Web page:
A Silent Retreat

I wear my flip-flops, which, in hindsight may have been a bad idea. But who would have thought that the steady flip-flopping of my feet would sound so loud when surrounded by silence? The Sisters float past me in their Naturalizers and Dr. Scholl’s—those soft-soled sandals. They’ve startled me more than once by their silent appearances out of nothingness.
We are cultivating quiet.
This is my second year to attend this silent retreat and it couldn’t come at a more fitting time. Noise. It’s all in my head and I’ve grown convinced I can’t slow for moment but the second I slip through these doors…I feel my heart beat start to listen to the holy.
There is a note at the desk from my friend—my Spiritual Director these two days—welcoming me back, celebrating our reunion. I’ve corresponded with her a little since we met at this same place last year and I am eager to see her face again. In her greeting she tells me, wash your hands as a symbol of moving into your inner depths where God dwells with you and speaks to you directly.
So I do. I wash my hands the way I was taught to wash them at that hospital where I work—soaping generously, interlacing my fingers and rubbing them together repeatedly. I cup my right hand and twirl my fingertips into the palm of my left. And then I do the same with the other. As I wash I am thinking of this: God dwells in me…
I open to His voice.
And all day long I can’t wash my hands without smiling.
I go to Chapel for Liturgy and Father is there. He is wearing a long robe and a quilted stole that looks like something my grandmother would have sewn by hand. He tells us the story of Peter’s prison break. How the angel came and stood beside him and the chains fell off his wrists. How he followed the angel like in a dream until suddenly the angel is gone. And the scripture says that Peter came to himself. And I wonder about how frightened he must have been—James the brother of John only just being martyred a few days before.
But the liturgy is filled with unfamiliar music and responses and I am surprised at how I cling to each word for the newness of it all. And when the time comes for the Eucharist, I am actually looking forward to that communal cup. We pass the bread from person to person and each says to the other the body of Christ. I whisper the words, because this is a silent retreat after all. When the chalice comes I press my lips to that golden rim with gratitude. I remember when I first celebrated this way—how the wine was a fire that burned through my body and lit my face from inside. I pass the cup to my neighbor. The blood of Christ, I whisper.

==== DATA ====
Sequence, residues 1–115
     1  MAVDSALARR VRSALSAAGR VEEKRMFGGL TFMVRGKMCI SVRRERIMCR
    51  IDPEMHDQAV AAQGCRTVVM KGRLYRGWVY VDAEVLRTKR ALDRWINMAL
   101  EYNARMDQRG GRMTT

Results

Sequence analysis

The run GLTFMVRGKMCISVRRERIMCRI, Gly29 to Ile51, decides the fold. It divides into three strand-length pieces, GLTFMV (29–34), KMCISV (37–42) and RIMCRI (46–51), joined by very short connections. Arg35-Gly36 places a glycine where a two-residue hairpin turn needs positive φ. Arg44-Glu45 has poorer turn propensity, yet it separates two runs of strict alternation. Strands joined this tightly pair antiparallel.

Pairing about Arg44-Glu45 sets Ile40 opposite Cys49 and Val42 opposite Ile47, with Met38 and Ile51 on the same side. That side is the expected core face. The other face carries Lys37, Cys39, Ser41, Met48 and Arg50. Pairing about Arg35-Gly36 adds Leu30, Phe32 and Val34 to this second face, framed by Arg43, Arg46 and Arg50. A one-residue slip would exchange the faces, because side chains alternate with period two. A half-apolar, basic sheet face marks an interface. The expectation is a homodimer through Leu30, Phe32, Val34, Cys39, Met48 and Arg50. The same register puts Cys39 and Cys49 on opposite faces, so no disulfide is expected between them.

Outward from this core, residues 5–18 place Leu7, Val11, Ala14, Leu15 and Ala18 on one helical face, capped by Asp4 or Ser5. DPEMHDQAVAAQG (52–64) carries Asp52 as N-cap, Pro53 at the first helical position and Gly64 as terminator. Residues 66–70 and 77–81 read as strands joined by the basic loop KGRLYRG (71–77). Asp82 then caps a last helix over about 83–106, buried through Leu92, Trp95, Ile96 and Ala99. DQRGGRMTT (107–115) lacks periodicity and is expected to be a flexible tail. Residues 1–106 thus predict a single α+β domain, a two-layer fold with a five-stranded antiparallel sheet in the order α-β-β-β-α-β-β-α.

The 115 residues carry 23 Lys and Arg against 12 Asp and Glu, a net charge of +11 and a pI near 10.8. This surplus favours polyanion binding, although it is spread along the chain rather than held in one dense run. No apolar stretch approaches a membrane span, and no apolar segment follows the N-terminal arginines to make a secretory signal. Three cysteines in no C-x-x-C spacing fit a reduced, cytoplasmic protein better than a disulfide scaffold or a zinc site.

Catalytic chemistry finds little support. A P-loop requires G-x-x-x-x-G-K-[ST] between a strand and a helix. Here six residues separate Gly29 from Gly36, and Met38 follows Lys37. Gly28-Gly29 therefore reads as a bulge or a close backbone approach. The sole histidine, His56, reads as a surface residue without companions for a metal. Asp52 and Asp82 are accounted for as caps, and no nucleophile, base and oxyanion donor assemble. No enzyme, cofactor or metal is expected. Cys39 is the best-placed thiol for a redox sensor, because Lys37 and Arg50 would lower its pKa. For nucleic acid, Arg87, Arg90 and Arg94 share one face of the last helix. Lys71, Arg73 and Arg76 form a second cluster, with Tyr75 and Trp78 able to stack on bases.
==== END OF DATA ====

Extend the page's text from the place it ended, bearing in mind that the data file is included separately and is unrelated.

And later I walk out under the trees, lie on my back under a tall Poplar tree and use my backpack for a pillow. It’s ninety degrees in the shade but I don’t mind. There is a gentle breeze blowing and the trees remind me to quiet my heart with their constant hush-hushing
I read my scripture assignments  and I feel chains fall from my wrists. Later we will have Centering Prayer and eat our evening meal in silence. And I don’t want to come to myself. Not yet.
With my sweet friend Jennifer: 
 

And Emily too:

Comments

  1. says

    “We are cultivating quiet.”

    ALL OF US NEED THAT! So glad that HE showed up to overflow within your silence. But then, He’s good at that, isn’t he?

    Blessings, Laura. May the Lord ever touch you, in all that you see and say and think and do.

  2. says

    sigh. thank you. how i needed this entering into holy. virtually, mind you, but better than nothing, and this brought to mind the retreat i did in korea amongst monks… bless you laura. i didn’t think it was possible, but i like you even better now. xo

  3. says

    Praying for you and your special time with the Lord. I love going to silent retreats and just took a course on being a spiritual director at one. I have been a spiritual director for 6 years now but never at the retreat where you meet with the same person multiple days in a row Very special, sacred time.

    May you be open and willing to follow His spirit!

  4. says

    This beautifully evocative essay made me literally hungry for a time of extended quiet. I’ve done individual silent retreats, but never in a monastic setting – so there’s a goal for sometime soon. Hope it was a rich and filling time.

  5. says

    I used to go to a Women’s Retreat that had s time of silence on Saturday. It was my favorite time of the weekend – and I loved Women’s Retreat! Il loved taking the time to be silent before Him. It was powerful.

  6. says

    Loved reading this. Thank you so much for sharing your experience. I feel like I remember last year’s retreat, which means I’ve known you over a year now:) Nice marker.

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